Three cheers for President Trump’s success in forcing a federal bureaucracy that normally moves at the speed of a glacier to begin working at “Trump Speed.”

From the day he announced he was running, Trump’s critics have assailed him with all manner of claims that he was unfit to be President. Their real reason for inventing so many lies was that he wasn’t like them because he was a CEO instead of a bureaucrat. He had built a business empire and become wealthy by setting objectives, giving orders to his trusted staff, and holding people accountable for delivering results in a timely and effective manner.

The federal bureaucracy doesn’t work like a business. It is built on moving slowly so that it can justify continuing to employ thousands of people who study issues, consider possibilities, formulate plans, and then someday get around to recommending courses of action. Then they wait indefinite periods for decisions to be made by executives whenever it is politically expedient. When a decision is finally made or a law enacted, tens of thousands more are employed to implement the decisions and oversee citizen compliance. As a result, the federal government is the world’s largest, most inefficient, least effective, and most self-protective organization.

Contrast that with the leadership style Trump displays in almost any episode of his past hit TV series “The Apprentice” and “Celebrity Apprentice,” where he gives the contestants a task, offers them guidance, then turns them loose to perform before measuring how well they have done. The climax of each episode is when the poorest performer is identified, he points to them and declares, “You’re fired.”  A lot of contestants on those shows were surprised by the levels of performance Trump expected.

A lot of top career bureaucrats at different federal agencies thought they could resist the changes Trump promised to make when he took office, and some have resisted mightily before being surprised by the force of his commands as they have been implemented by his cabinet secretaries and other hand-picked members of his administration. People used to moving at snail speeds have been forced to move like race horses in the battle against the Wuhan virus.

Perhaps the one agency where Trump’s management style has driven the most visible changes is the Food and Drug Administration, which for decades has been derided by many in the medical community as the “Federal Delay Administration” because of how slowly they act before approving new drugs, diagnostic equipment, and medical procedures. The FDA was started in a time when people were peddling “cures” that often were poisonous, impure, or just plain ineffective. To protect consumers from medications that might be impure or cause serious side-effects, the FDA developed extensive testing protocols that had to be completed before a medicine could be sold in the U.S. Over the past 50 years those extensively detailed standards have driven up the cost of developing a new medication from just a few million dollars to sometimes more than $2 billion. During that time, much of the rest of the world caught-up to American standards and drug makers developed and gained approval for new products that relieved suffering and saved lives in their home nations, but which could not be marketed in the U.S. because they had not completed the FDA testing requirements. One FDA rule that has long frustrated physicians is that medications are approved only for treating a specific disease or family of diseases and prescribing them for “off-label” uses can get a physician in serious trouble even though the medication is safe and effective in treating the other diseases.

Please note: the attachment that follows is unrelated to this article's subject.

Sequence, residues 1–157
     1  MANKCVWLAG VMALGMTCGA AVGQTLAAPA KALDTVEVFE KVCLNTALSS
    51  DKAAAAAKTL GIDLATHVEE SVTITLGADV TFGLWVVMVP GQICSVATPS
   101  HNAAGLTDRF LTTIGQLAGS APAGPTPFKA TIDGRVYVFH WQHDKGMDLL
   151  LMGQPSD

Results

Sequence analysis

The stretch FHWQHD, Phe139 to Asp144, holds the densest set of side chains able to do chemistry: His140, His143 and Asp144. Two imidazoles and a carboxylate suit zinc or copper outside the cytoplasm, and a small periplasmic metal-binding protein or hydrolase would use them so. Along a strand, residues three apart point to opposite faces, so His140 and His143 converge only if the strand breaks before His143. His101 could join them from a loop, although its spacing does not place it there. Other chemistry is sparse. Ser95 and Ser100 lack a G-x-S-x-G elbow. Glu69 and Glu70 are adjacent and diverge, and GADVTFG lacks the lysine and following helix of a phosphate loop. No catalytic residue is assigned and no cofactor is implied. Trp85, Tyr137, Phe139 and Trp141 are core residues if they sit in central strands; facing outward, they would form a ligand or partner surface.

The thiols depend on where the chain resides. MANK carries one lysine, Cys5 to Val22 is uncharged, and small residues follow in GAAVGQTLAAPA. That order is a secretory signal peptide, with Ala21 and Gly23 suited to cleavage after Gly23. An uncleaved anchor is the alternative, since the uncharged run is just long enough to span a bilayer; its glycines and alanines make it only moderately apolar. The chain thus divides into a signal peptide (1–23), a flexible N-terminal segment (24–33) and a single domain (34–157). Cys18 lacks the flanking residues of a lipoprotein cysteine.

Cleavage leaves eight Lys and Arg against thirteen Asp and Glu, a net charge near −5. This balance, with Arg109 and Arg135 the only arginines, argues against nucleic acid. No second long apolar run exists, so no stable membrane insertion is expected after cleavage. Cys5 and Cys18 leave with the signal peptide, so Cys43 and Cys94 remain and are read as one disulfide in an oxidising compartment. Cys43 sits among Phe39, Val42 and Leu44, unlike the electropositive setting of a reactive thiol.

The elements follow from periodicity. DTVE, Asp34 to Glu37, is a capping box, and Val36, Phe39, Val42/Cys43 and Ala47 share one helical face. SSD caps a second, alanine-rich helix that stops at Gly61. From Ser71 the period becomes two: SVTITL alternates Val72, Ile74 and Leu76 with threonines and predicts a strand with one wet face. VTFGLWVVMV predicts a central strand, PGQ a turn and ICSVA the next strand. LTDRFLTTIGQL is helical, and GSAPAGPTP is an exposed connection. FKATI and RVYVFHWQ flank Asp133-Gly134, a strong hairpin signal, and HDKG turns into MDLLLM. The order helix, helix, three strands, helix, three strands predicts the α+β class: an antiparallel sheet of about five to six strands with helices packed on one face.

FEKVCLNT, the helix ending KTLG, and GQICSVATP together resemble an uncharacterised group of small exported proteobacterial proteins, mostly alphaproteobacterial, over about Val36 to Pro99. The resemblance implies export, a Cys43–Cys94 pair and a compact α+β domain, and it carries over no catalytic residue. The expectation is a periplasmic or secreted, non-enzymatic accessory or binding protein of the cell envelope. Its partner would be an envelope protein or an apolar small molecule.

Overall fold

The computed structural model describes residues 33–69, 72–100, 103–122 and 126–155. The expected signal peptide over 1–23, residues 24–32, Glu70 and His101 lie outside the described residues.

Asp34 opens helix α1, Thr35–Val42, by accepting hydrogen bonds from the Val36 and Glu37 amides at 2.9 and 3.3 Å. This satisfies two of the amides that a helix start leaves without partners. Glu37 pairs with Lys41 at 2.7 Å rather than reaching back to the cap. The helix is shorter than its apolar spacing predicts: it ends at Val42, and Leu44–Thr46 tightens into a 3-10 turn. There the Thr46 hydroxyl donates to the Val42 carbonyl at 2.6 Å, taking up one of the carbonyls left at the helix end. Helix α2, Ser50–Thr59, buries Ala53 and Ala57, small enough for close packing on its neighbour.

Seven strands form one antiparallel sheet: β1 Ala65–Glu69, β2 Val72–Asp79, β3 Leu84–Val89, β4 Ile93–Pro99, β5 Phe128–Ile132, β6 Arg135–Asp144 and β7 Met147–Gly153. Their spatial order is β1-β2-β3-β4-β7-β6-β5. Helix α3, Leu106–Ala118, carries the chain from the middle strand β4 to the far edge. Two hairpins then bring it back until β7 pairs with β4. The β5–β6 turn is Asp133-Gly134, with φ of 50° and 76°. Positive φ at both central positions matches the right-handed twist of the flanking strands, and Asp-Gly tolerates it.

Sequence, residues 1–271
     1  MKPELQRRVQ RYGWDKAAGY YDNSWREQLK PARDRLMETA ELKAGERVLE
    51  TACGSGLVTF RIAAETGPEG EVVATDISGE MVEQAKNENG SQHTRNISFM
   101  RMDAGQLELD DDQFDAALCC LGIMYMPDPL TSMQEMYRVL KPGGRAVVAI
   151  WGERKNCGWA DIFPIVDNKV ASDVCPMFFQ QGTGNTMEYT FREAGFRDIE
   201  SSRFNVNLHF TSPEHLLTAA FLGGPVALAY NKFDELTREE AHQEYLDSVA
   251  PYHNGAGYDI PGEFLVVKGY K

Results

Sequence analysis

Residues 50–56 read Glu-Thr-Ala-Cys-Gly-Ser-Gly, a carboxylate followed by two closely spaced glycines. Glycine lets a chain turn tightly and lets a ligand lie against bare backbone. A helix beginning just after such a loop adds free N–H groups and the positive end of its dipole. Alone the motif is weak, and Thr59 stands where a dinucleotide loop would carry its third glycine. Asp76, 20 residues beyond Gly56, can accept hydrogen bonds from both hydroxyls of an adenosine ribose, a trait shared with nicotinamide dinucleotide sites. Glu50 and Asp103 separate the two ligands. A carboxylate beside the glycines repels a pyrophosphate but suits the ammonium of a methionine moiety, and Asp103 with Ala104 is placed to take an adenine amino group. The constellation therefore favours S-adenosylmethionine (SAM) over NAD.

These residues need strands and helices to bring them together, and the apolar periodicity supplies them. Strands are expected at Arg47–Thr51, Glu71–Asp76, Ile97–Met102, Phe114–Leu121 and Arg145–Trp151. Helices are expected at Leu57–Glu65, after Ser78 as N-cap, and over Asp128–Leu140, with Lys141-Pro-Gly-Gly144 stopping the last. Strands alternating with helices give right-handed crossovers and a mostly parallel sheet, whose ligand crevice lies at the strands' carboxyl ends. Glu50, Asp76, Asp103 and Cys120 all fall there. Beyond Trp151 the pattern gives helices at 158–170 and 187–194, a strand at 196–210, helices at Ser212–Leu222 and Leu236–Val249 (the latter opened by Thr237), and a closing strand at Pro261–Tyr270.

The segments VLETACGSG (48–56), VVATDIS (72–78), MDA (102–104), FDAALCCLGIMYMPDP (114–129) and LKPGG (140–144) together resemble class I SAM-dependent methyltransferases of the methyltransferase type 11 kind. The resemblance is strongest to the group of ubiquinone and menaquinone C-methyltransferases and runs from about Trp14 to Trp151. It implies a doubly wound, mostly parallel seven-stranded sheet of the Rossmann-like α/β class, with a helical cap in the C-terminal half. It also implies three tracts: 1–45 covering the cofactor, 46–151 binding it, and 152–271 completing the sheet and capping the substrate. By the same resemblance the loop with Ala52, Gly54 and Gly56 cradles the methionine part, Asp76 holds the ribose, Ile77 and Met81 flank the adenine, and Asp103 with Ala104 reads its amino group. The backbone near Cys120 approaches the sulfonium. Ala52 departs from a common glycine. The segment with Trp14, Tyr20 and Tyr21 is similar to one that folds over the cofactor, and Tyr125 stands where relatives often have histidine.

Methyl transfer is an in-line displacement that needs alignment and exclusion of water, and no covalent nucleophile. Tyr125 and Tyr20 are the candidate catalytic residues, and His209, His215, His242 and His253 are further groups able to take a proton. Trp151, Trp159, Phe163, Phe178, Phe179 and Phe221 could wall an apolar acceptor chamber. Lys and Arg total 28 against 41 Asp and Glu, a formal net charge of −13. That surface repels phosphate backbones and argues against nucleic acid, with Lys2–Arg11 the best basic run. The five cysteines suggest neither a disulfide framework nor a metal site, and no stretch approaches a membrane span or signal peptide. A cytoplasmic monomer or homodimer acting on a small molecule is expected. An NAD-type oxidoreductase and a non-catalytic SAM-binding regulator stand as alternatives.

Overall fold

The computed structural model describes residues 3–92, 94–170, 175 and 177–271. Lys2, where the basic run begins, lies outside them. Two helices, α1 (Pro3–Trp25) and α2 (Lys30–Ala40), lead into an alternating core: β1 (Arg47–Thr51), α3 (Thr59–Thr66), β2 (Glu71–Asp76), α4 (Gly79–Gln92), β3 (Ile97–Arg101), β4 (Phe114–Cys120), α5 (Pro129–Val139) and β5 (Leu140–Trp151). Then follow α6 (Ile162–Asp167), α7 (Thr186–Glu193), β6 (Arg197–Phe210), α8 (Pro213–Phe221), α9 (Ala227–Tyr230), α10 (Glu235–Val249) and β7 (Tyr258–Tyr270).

Soon after taking office Trump began pushing to allow the “off-label” use of medications to treat the seriously and terminally ill where their physicians saw potential benefit and getting congressional approval for the FDA to allow that was a significant milestone. Now, in the face of the Wuhan virus, he has raised the pressure on the FDA to act with lightning speed, specifically directing the FDA to suspend any rule that was causing delay. We have seen significant results. One was when a German company offered a new test showing if a patient was infected. The normal review procedure took a minimum of six weeks, but the application was approved in just three hours. When limited testing showed that chloroquine, a drug used to treat and cure malaria, was effective against the COVID-19 virus, Trump directed that the FDA move forward “with all possible speed” to conduct human testing and determine the larger-scale effectiveness of the drug. Within hours drug maker Bayer announced they were donating a million tablets to the effort to contain and cure the virus.

Such results show the measure of the man leading our nation’s efforts to battle and defeat the Wuhan virus. So we should be thankful in this trying time that we have a fast-moving CEO as President instead of a snail-speed bureaucrat.